When we move into off-campus housing, we expect a lot of changes to take place. We are officially done with dorm life, can rely on roommates for the good and for the bad, and have the luxury of decorating our very own house/apartment.
Living off campus can get to be expensive if you are careless, so you should make it cheaper by sticking to certain rules. This way, you can enjoy all of the benefits while also saving money. It is basically a win-win.
1. Rent furniture.
When you move off-campus, that means that you at one point lived in a dorm. So you were used to its small living quarters, little to no furniture provided given the lack of space, and a forced roommate. Oh the joys and fond memories that exist.
In your own apartment you can save money on furniture by thrifting, splitting it, or renting it. Thrifting is great because you are purchasing mainly used, usually decent looking pieces. You can then split it up financially between all of your roommates. If you call the coffee table, then they get the love seat. It is only fair. It also is not a huge loss on your part if you decide you do not want certain items when you end up moving out.
However, when you rent furniture, you can simply pay a monthly fee, or purchase a package for the amount of time that you will need it. Just make sure that you try not to destroy or stain the items because that charge is not a good time. Most packages come with the necessities, like the bedroom space, living room and dining room. Plus, with renting you do not have to worry about moving it out at the end of your lease and finding a means to transport it to your new house.
2. Find roommates.
Living with roommates is not always perfect, as we all know, but it can definitely be helpful. Especially when it comes to saving money, which is always our motive. Living alone in a studio is pretty expensive, so throw in that it is in a college town and you are practically asking for high prices.
By having roommates, you can split a lot of the living costs. Obviously this entails rent and electric, but also groceries, furniture, and the miscellaneous items. Another pro is that if a few of you have cars, then you can share rides to campus, the grocery store, or anywhere really. It saves you both gas money and mileage on your car.
When living with roomies, it can be less expensive than living on-campus because you are also not paying for the benefits of your university’s amenities. This means the gym, food services, and obviously the dorm. Good news is that your tuition is still somewhat going toward these things so you can still use them without paying for all of it. In other words, you are saving money by not living on the school’s premises and using their address.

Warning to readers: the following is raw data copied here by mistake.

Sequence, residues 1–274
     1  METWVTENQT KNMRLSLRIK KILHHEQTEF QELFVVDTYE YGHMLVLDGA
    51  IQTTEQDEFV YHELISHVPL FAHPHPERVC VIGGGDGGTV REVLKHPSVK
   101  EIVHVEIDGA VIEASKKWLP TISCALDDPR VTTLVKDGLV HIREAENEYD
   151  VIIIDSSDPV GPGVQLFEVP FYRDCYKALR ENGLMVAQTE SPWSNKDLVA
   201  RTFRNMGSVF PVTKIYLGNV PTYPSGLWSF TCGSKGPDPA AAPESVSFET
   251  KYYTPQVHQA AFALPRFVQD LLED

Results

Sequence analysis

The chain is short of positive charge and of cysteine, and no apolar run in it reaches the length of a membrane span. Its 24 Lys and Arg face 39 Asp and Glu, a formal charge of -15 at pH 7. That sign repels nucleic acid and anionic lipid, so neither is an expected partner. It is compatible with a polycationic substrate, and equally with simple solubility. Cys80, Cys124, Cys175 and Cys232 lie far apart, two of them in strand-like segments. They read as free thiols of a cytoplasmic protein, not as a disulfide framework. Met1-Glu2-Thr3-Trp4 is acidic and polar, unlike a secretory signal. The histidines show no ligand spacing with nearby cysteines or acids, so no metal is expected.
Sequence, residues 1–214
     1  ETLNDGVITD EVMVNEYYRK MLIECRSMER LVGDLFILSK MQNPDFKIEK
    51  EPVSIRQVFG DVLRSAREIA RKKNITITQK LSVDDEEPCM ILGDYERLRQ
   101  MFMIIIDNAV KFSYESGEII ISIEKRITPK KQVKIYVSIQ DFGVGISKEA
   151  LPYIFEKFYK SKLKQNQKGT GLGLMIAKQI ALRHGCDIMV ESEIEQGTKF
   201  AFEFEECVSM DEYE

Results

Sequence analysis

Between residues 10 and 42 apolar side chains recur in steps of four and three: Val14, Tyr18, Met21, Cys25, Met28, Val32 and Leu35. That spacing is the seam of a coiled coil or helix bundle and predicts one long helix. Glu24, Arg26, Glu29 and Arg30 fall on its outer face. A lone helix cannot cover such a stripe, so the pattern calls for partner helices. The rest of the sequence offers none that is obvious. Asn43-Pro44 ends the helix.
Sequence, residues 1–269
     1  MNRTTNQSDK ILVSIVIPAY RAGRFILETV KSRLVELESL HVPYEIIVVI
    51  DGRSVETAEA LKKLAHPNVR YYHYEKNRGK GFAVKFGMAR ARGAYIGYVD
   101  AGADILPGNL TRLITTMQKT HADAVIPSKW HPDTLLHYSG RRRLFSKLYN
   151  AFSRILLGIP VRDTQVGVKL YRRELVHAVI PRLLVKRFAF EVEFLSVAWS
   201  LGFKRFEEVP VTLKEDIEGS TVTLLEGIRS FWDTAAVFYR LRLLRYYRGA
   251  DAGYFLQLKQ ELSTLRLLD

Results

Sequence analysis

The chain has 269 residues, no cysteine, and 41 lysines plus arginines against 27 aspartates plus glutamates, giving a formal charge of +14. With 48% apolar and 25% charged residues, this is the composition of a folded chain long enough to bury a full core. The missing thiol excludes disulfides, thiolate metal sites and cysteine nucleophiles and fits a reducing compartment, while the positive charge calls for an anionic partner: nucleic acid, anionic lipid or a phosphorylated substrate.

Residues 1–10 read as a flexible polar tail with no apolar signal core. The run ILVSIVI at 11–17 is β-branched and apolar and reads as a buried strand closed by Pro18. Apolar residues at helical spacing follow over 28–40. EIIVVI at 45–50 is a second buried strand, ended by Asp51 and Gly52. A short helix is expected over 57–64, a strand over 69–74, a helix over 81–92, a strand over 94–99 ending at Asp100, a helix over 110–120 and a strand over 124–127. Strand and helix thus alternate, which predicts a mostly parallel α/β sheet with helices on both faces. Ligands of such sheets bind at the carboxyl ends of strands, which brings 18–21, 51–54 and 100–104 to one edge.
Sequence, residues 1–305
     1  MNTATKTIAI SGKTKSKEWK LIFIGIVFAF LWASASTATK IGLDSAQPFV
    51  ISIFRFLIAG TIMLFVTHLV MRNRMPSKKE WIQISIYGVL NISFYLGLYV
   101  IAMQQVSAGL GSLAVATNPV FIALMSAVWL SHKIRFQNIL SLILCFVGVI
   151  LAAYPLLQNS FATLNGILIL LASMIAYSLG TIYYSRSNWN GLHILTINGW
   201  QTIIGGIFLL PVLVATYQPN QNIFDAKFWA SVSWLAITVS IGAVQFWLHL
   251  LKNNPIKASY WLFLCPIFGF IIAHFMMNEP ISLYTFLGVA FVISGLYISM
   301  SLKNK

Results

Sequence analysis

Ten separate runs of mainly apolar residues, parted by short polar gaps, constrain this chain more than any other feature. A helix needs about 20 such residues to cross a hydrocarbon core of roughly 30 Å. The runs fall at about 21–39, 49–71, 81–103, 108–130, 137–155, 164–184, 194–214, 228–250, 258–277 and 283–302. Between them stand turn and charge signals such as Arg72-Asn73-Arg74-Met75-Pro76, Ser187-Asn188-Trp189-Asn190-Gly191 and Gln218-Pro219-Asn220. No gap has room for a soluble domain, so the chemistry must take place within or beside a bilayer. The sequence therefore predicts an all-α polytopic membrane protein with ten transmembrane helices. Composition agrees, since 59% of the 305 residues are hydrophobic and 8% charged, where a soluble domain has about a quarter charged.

3. Cook at home.
Living on-campus usually translates into not having a kitchen of your own. You most likely had a floor kitchen if one at all, and then used the campus dining halls as your main source for food. When you leave your parents’ cooking, you tend to rely on someone else to feed you. We have all been there, guys.
However, now that you have your own kitchen, you can literally cook every meal at home. Okay, maybe not every single meal, but definitely more of them. Plus, it is nice to actually be able to cook again and not have to eat pizza every single day because that is all cafeterias know how to make. Sorry college food courts everywhere.
This saves everyone money because you can split your food with the roommates, plan and prep ahead of time (in theory of course), and not only eat out 24/7. You can also store your leftovers somewhere when you do happen to go out to eat, which is completely necessary. And cooking at home can create roomie bonding experiences, as well as helping you actually know how to survive on your own cooking. It can also cause a pretty big mess so make certain that you clean up after yourself. No one likes a dirty kitchen.
Moving off-campus is exciting for various reasons, but an imperative factor is because of the money that you individually save. You should rent your furniture, have roomies for cheaper rent (and all around bills), and — because you can and should — cook at home.
The goal is to save money and to better your finances, so with these hints, you should be well on your way to a large savings account.